Understanding my art.

I’m not going to make this my manifesto (I’ll leave that for another day). I just felt the need to address something. Now I know that not everyone knows something about art, more specifically painting; in my case. People who aren’t “in the know” always tend to look for something in my work, something representational that is. They always tend to point out a face, or some kind of figurative form that may have accidentally appeared through the paint. Now that’s fair enough, you might see something that looks like a face or a hand, but it was not my intention to put that in there. Using my current “Port Kembla” series as an example I would like to explain my work a little bit so as to generate a level of understanding.

 

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View from the suburb, 2012, oil on canvas, 33 x 33 cm (framed).

 

The work above is from a series of works that I have based on the suburb in which I have grown up and lived in. The works are predominately abstract, though they have some representational features; features that may look like something in the real world or are based on something from the real world. Even the titles suggest representation. However, I have intentionally abstracted the works to give an impression of the suburb in which I have lived for all of my life thus far. 

 

Why? Was a favourite question from one of my painting teachers at art school, I am now pretending that I am facing her once again and answering her questions. Why did I choose to paint Port Kembla? Well because thus far, the majority of art; whose subject matter is imagery from Port Kembla, has tended to feature the Steelworks or the beach as their major subjects. I however, am using the suburb itself as the subject matter, the roads, the houses, the rooftops, colours, shapes and forms that I come across everyday. They’re the fuel to my creative fire. Now you may ask why do you paint the way you do? I paint in this particular way because it is a style/technique of painting I adopted some years ago and haven’t really looked back since. I have developed and crafted my approach to painting for seven years now, using predominantly oil paint and palette knife when working on canvas. As for some of my other works; works on paper and in acrylic, I do use brushes and drawing materials, but I use them in such a way as to reference my use of the palette knife. For me the palette knife allows me to apply large swabs of paint to the canvas, work and rework it, remove what I don’t need or to create a particular effect. The act of dragging and moving the paint across the canvas gives me a particular feeling, it’s almost indescribable, but it offers me something that brushes can’t in some circumstances. Going back to the works on paper, I work on them to discover new possibilities, and sometimes these potential outcomes transfer into my painting and sometimes vice versa.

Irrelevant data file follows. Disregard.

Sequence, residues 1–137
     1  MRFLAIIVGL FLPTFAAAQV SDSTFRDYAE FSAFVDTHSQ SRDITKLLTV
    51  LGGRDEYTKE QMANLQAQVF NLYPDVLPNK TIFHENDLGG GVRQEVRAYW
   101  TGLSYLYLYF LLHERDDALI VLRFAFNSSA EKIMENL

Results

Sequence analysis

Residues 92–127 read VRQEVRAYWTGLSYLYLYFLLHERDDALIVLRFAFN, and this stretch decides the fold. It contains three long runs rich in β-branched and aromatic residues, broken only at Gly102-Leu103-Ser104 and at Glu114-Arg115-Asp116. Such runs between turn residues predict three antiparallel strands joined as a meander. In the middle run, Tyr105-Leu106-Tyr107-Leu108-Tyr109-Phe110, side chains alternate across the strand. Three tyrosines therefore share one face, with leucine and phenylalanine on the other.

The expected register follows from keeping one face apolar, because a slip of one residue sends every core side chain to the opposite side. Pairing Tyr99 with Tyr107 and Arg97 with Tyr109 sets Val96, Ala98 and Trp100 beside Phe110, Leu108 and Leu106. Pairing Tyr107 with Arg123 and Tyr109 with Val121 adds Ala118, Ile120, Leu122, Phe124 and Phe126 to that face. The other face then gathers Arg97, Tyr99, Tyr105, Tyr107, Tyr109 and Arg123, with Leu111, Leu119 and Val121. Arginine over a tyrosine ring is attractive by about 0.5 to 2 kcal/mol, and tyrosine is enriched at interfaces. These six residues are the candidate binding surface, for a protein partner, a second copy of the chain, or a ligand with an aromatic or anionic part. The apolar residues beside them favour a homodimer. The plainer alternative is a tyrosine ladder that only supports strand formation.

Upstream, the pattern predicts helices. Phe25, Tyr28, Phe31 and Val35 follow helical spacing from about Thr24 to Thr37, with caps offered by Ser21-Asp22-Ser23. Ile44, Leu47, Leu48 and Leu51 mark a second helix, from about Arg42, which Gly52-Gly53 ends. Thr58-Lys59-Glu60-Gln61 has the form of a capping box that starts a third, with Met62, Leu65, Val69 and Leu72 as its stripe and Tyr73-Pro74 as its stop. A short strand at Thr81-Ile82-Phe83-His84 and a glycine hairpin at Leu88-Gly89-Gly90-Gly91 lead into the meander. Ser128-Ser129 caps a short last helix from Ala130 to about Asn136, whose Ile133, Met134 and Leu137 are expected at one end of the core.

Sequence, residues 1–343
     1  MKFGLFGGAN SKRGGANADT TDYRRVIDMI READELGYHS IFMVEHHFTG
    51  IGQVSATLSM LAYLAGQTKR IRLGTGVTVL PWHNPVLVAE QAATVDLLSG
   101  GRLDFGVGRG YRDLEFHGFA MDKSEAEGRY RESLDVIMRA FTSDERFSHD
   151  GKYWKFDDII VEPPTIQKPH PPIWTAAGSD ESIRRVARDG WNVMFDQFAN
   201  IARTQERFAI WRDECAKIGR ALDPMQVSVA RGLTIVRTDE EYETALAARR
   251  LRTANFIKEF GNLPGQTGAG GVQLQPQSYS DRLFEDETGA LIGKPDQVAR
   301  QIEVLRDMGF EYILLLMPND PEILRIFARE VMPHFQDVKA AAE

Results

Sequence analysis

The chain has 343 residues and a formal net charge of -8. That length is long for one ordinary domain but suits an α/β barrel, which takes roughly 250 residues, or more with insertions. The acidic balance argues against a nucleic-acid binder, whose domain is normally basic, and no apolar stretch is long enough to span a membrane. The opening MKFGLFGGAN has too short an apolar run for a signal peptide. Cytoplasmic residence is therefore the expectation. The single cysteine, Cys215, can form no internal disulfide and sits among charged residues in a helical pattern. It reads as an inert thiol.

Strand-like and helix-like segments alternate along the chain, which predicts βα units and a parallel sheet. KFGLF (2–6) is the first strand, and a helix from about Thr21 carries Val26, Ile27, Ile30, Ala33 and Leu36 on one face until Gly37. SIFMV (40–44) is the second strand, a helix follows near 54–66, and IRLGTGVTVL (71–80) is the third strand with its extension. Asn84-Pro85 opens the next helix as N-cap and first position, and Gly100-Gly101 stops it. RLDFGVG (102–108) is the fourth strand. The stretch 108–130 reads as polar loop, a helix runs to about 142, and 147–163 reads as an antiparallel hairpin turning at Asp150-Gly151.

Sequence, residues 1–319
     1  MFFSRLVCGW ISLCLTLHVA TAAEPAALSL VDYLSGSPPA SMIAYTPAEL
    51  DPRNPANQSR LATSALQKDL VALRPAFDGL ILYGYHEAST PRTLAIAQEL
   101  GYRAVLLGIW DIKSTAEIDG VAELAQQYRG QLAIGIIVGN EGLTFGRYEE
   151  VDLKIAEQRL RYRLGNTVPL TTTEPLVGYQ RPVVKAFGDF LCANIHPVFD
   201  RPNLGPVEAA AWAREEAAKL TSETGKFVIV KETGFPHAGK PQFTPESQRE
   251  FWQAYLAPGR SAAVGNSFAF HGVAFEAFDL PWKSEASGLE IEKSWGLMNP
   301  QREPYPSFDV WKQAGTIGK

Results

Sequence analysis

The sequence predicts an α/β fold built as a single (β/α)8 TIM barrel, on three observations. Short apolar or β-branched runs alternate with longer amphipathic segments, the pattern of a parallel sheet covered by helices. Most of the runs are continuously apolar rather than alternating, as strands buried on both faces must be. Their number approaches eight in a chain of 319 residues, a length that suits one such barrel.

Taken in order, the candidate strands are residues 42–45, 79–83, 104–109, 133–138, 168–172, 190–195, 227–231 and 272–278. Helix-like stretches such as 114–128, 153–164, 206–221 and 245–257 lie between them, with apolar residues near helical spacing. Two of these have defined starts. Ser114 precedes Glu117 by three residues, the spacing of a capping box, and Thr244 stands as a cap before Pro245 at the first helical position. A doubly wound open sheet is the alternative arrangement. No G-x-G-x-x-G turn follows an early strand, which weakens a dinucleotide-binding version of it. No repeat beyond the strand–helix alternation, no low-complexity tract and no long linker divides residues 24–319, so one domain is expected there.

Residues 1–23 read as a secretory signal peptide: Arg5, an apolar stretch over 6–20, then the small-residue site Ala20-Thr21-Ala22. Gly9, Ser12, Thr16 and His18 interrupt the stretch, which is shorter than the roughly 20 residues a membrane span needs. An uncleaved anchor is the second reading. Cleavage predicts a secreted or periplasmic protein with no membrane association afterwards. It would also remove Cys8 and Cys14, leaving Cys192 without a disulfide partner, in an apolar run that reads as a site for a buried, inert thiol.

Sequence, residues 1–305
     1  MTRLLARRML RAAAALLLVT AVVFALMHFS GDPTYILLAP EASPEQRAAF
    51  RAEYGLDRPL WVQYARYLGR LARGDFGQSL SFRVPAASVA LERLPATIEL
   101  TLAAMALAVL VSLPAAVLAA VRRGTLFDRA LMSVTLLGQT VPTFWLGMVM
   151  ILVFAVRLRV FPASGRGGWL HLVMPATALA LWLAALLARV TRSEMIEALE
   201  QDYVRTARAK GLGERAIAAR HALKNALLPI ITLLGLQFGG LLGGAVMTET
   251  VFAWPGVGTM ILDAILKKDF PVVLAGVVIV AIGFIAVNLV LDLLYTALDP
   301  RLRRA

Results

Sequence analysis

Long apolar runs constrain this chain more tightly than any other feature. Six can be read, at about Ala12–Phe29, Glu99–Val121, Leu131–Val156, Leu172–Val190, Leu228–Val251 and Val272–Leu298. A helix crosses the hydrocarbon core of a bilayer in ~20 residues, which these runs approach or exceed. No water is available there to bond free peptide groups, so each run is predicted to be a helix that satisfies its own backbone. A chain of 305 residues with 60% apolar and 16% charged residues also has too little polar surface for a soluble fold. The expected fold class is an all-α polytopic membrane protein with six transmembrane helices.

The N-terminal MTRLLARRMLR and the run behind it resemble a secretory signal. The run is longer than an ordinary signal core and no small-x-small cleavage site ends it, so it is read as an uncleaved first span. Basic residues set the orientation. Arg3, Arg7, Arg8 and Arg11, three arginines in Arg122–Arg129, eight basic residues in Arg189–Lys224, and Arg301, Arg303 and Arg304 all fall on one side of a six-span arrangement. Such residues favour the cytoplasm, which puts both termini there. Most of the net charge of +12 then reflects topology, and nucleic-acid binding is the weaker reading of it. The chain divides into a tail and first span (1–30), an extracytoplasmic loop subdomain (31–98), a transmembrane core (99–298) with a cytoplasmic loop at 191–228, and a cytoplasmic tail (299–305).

Moving on briefly to who inspires me as a painter, now the list should I make it a full compilation of every artist and why they influence me would be way too long for this post.

 

Ben Quilty, Nicholas Harding, Jun Chen, Frank Auerbach, Peter Booth, Paul Ryan. All for their application and handling of paint, they don’t necessarily paint the same subject matter, however they share similarities in their approach to painting. Though the likes of Ben Quilty, Auerbach, Ryan and Harding do depict their surroundings, the places that they live. However, with the exception of Auerbach, they depict their surroundings in a representational manner, which I admire greatly. My hat is off to these gentlemen.

 

So in conclusion I hope that this little incoherent rant makes some kind of sense to anyone who is bothered to read it. I do hope to write something a little more formal and academic sometime soon, however I think that this will suffice for now. I hope you enjoyed and read and enjoy my work and please remember to show your support by liking my artists page on Facebook, as well as following me on Twitter and Instagram (linked below), as well as subscribing to this blog.

 

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Late night ramblings.

You start with a thought, sometimes without one. Then you make a mark, then before you know it you’re lost. At first you’re scared, but then you accept the fact that you aren’t really in control, as bizarre as it may sound, the work itself dictates to you what it is required. Sometimes it screams, and you hear it loud and clear, other times it lets out less than a whisper. And then there is no end, a work is never complete. It is open, should it be closed, the work dies, and the magic along with it. That, is how I can best explain the act of creating art, for the moment anyway.

Robotic Art Forger.

A machine that can replicate almost any work of art using a sophisticated series of software and advanced mechanics. What does this mean for us artists? Not much I think, art forgers have been around for decades, as impressive as this machine is, it seems to be more of a demonstration of the advanced software and hardware than its ability to replicate works of art. Still impressive though.

Living with your work.

As an artist creation and execution is half the battle. The other half is looking at, thinking about and discussing your work. Living with your work is one of the best ways to think about what you might do next to it or whether anything needs to be done at all.

I have most of my recent work in the house with me, I see it everyday, I may see something I never saw before, or think of something I could change or add or take away.

Keep your art close, and it will speak to you about what it needs.

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